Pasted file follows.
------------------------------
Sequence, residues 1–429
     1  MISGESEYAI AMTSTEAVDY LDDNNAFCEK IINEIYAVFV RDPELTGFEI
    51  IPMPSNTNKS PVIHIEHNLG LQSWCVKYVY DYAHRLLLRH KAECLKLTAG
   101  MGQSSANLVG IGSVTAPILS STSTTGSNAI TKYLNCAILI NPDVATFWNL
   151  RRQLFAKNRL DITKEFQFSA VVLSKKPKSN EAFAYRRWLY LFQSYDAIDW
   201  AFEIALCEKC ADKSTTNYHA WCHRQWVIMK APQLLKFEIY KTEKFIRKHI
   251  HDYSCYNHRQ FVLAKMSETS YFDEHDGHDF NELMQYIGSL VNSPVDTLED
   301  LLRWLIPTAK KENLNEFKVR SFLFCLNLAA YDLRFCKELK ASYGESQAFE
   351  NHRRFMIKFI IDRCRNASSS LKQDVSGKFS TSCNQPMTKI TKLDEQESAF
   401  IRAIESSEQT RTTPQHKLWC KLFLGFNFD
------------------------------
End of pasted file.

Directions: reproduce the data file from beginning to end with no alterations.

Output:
Sequence, residues 1–429
     1  MISGESEYAI AMTSTEAVDY LDDNNAFCEK IINEIYAVFV RDPELTGFEI
    51  IPMPSNTNKS PVIHIEHNLG LQSWCVKYVY DYAHRLLLRH KAECLKLTAG
   101  MGQSSANLVG IGSVTAPILS STSTTGSNAI TKYLNCAILI NPDVATFWNL
   151  RRQLFAKNRL DITKEFQFSA VVLSKKPKSN EAFAYRRWLY LFQSYDAIDW
   201  AFEIALCEKC ADKSTTNYHA WCHRQWVIMK APQLLKFEIY KTEKFIRKHI
   251  HDYSCYNHRQ FVLAKMSETS YFDEHDGHDF NELMQYIGSL VNSPVDTLED
   301  LLRWLIPTAK KENLNEFKVR SFLFCLNLAA YDLRFCKELK ASYGESQAFE
   351  NHRRFMIKFI IDRCRNASSS LKQDVSGKFS TSCNQPMTKI TKLDEQESAF
   401  IRAIESSEQT RTTPQHKLWC KLFLGFNFD